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anothername: I always loved those retail boxes with all the stuff, and if handled with at least basic care these games lasts for a long time. The disks I do can check (all but the 5 1/4" disks; drive is in the basement) still work.

And when I say "digital drove me away from retail" I mean "I don't see any value in a retail box that does contain nothing but a printed Serial and a launcher to a digital platform on the disk".

If publishers want to go back to the "golden age" of retail they should make sure that the core of a retail game release, the gamedisk inside, is of value all on its own; without requiring outside sources like Origin, Steam or Uplay?... whatever UBI Soft calls their store.

All the other stuff in the luxury editions like maps, dice, cards, fancy manuals, etc where to enhance the value of the core of the gamebox. And if that is next zero its not a good foundation to enhance. It is just a pointer to somewhere else; where one might even see the very same game for 50% less than what one paid 30 min ago in the store; there is a good chance that every time one looks at the box it feels like mockery. People do not like being mocked.
Certainly true for the PC, which is why the PC has seen pretty sharp declines in previous PC gaming strongholds like France and Germany.
Mobile phone gaming was a mess from the very beginning but when it's about mobile gaming I'm thinking about 3DS, PS Vita and OpenPandora.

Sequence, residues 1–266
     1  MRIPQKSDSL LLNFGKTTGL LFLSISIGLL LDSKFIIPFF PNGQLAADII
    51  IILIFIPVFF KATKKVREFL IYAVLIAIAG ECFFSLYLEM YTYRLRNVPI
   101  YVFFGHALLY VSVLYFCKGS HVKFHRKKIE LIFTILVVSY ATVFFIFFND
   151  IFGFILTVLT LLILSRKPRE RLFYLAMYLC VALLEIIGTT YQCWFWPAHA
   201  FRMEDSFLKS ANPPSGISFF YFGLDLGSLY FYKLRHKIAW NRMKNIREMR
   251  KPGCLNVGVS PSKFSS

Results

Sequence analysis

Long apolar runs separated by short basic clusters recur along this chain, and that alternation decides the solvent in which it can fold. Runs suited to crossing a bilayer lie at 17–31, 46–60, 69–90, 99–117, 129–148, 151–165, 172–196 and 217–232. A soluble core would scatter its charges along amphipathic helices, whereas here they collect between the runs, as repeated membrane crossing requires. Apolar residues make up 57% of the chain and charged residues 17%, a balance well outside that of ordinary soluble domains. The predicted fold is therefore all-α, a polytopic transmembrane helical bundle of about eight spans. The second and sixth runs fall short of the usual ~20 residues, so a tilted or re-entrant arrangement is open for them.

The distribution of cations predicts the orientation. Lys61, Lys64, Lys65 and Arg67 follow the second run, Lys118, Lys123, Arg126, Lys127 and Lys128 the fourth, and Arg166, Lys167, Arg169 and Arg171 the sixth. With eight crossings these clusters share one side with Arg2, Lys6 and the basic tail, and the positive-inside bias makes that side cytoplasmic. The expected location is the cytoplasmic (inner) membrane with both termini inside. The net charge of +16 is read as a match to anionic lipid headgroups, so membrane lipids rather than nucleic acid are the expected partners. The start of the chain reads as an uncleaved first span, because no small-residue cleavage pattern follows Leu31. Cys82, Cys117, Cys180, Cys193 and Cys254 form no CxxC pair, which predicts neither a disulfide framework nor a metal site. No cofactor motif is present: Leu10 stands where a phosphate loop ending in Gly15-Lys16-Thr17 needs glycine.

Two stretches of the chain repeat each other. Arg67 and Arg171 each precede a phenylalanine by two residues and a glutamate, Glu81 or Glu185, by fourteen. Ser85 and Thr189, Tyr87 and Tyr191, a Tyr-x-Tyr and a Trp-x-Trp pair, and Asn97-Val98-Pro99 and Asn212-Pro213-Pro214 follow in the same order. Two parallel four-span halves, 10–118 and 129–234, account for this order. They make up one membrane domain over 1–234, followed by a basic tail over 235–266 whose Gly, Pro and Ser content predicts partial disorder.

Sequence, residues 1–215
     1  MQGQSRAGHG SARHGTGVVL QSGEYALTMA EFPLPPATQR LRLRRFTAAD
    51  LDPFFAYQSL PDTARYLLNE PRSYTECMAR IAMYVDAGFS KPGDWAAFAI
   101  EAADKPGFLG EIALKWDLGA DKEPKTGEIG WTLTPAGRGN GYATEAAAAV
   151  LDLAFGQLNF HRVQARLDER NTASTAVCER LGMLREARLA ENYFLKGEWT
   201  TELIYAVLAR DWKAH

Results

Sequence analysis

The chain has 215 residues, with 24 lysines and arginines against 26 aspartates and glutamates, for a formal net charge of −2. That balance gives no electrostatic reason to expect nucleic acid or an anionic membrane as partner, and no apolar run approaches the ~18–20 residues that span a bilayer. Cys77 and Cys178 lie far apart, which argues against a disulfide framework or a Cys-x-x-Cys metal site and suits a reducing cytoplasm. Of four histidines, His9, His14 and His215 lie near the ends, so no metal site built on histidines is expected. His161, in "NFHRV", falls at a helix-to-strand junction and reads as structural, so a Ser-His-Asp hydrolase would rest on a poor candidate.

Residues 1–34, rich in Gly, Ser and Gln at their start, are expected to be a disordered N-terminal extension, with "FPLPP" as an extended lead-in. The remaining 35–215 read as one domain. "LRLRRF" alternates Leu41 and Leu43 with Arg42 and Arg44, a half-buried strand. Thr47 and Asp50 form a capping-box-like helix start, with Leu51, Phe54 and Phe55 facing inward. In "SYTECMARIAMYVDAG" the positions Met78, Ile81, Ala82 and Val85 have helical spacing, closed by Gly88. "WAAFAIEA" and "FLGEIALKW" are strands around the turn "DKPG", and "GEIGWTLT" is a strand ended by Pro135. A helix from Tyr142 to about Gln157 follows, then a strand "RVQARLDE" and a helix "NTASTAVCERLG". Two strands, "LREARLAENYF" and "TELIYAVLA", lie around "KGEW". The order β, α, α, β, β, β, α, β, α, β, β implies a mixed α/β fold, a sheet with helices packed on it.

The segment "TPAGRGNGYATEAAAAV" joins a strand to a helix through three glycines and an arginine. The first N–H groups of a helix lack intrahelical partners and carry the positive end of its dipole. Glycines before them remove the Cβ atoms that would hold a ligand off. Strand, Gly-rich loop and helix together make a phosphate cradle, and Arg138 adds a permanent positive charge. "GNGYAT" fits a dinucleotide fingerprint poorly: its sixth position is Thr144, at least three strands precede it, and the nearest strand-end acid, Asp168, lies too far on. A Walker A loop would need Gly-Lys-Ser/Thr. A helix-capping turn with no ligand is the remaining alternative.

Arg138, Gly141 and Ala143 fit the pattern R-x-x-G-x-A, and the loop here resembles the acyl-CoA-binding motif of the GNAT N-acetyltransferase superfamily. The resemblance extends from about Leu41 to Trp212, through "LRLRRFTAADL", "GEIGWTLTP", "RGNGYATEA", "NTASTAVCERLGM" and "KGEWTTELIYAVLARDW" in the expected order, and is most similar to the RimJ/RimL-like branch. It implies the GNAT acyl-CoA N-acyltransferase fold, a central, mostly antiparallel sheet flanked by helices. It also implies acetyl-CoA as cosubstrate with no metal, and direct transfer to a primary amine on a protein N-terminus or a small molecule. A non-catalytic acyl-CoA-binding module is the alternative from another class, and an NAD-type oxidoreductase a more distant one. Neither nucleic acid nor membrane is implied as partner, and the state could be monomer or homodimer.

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Klumpen0815: Mobile phone gaming was a mess from the very beginning but when it's about mobile gaming I'm thinking about 3DS, PS Vita and OpenPandora.
I think people refer to that more as handheld gaming.
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Klumpen0815: Mobile phone gaming was a mess from the very beginning but when it's about mobile gaming I'm thinking about 3DS, PS Vita and OpenPandora.
I don't know what you're talking about. If you ignore all these Candy Crushes, the quality of mobile gaming is quite good. Basically I'm enjoying it, and no, its not all about short gaming sessions while on the road; that's just a part of it.
Post edited October 22, 2015 by PookaMustard
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jamyskis: ...because supply is infinite, the actual value of a game is zero ...
Hmm, I wonder how then ever anyone can make profit with games, music, books, movies, information? For all of them the supply is infinite. Why should the value then be zero and not higher??

Just because I need to cut a tree to print the manual for a retail game doesn't improve the profit I make with a retail game a single cent.

I think the value is like always exactly what the customer is willing to pay. This can be kind of arbitrary. For example, for Apple products customers pay way too much while for good (important!) mobile games maybe currently they are not paying enough.

Shit happens.
Post edited October 22, 2015 by Trilarion
I think this is why big publishers engage in the graphics arms race and ballooning budgets that they are killing themselves and the industry's soul and creativity and long-term sustainability with. they're trying to create big enough to punch through all the other draws on money and this is the only way that the people running the show really believe in. Hollywood is doing the same thing with their summer blockbuster movies but movies are still much simpler, tighter, constructs than a game, though.

also, people didn't fork over $40 for zelda and pokemon on gameboy. their parents did.

ultimately it was market research and exploitation that made the mobile market this way and created the culture I guess. now it is that way.
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Trilarion: <snip>